The present study examined college tennis players’ experience of the 6-hr sport-tailored mindfulness- and self-compassion-based intervention Mindfulness Meditation Training for Sport 2.0 (MMTS 2.0). Nine college athletes participated in individual semistructured interviews. Interview results revealed that the athletes perceived the mindfulness and self-compassions skills as valuable tools to respond optimally to adversity through observing, accepting, and offering self-compassion toward negative internal states on and off the court. The mindfulness and self-compassion skills were described as creating enhanced ability to overcome challenges and improve focus on the court and an enhanced quality of life off the court, including self-reported well-being markers. The participants also noted several challenges in completing the program (i.e., discomfort meditating, lack of independent practice, and hectic schedule as a student-athlete). These findings provide insight into how the delivery of mindfulness and self-compassion skills in a time-limited environment helps male and female athletes combat competition distress.
Trevor Cote, Amy Baltzell and Robert Diehl
Amy Baltzell, Nicole Caraballo, Kristen Chipman and Laura Hayden
This study explored how members of a Division I varsity women’s soccer team experienced a 6-week, 12 session mindfulness meditation training for sport (MMTS) program. The coaching staff and entire team participated in the MMTS program. Seven of the team members volunteered to be interviewed after their participation in the MMTS program. Thematic analysis was implemented. Most participants reported difficulty understanding the process of meditation at the start of the MMTS program. Post-MMTS, they reported an enhanced ability to accept and experience a different relationship with their emotions, both on and off the field. They also noted the importance of creating a phrase of care for self and team for cohesion purposes. Enhanced mindfulness, awareness, and acceptance of emotional experiences were attributed directly to the mindfulness training. Participants provided specific recommendations for future sport-focused mindfulness meditation programs.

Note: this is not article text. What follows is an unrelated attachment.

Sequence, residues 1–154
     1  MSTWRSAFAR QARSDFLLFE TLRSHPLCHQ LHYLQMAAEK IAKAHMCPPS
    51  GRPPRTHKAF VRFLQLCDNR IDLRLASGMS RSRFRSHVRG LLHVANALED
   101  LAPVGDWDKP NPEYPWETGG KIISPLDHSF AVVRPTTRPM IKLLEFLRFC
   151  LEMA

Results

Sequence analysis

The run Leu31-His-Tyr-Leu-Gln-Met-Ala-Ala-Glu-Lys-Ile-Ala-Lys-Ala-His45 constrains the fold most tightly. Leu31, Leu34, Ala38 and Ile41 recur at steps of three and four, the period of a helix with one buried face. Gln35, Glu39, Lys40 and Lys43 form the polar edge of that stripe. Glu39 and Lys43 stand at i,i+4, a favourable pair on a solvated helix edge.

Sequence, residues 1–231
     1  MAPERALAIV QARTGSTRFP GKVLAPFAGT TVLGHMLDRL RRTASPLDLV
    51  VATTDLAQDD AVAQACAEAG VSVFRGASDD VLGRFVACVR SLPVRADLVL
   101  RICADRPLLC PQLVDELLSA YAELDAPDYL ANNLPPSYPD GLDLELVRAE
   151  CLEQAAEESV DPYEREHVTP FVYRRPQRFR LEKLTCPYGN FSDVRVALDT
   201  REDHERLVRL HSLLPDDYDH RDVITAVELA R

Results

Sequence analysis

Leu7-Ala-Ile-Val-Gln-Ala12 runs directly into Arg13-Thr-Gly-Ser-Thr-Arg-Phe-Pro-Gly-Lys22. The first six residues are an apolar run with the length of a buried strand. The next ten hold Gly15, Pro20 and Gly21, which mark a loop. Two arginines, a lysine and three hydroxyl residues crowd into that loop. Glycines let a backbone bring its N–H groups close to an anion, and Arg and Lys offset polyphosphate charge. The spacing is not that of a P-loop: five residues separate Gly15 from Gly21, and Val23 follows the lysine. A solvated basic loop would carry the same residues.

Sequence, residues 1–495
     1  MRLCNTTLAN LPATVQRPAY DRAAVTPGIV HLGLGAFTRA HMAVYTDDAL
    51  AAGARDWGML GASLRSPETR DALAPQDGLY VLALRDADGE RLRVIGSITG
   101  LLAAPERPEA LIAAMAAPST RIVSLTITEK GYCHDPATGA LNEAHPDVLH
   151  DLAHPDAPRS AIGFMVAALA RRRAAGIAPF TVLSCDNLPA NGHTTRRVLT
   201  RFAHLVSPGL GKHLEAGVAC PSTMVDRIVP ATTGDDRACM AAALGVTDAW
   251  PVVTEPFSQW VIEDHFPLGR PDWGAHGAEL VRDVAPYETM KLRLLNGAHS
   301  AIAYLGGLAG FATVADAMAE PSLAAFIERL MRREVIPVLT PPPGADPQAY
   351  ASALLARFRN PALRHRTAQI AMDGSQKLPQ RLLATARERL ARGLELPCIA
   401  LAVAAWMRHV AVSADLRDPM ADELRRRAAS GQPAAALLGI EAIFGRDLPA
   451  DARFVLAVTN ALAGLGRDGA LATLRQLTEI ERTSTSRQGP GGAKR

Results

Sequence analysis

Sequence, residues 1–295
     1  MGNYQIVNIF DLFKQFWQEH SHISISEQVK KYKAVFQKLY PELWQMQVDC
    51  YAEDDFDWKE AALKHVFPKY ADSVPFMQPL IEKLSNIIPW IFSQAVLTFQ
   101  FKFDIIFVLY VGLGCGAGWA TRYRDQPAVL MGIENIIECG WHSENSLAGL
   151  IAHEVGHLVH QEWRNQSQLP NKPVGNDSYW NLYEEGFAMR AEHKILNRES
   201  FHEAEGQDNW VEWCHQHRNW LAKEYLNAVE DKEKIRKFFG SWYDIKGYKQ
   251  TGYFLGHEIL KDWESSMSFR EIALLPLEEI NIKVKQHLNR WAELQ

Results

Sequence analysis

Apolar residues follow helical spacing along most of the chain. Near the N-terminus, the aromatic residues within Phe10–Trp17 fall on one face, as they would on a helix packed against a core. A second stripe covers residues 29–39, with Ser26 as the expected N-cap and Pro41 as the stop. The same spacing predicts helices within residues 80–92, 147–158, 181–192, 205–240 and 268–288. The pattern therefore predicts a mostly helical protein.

Marie Dacey, Amy Baltzell and Len Zaichkowsky
Strategies for exercise maintenance of vigorous (n=54) and moderate (n=38) regular women exercisers were compared using the Processes of Change (Marcus, Rossi et al., 1992) and Self-Efficacy scales (Marcus, Selby et al., 1992). Both groups reported highest utilization of Counterconditioning, Self-liberation, Self-reevaluation, and Reinforcement Management, as well as a high degree of exercise self-efficacy. Vigorous exercisers indicated greater utilization of Counterconditioning (p=.004) and a higher degree of self-efficacy (p=.009), whereas moderate exercisers reported higher utilization of Environmental Reevaluation (p=.028). In follow-up interviews with vigorous exercisers (n=4) and moderate exercisers (n=4), all participants reported psychological benefits of physical activity, high exercise self-efficacy, and exercising to meet personal needs. Reported differences between the two groups include physical experiences while exercising, the development of exercise behavior patterns, and social influences. Based upon this study we suggest that similarities outweigh differences in the maintenance of vigorous and moderate exercise, but certain mode-specific interventions may be warranted to enhance adherence.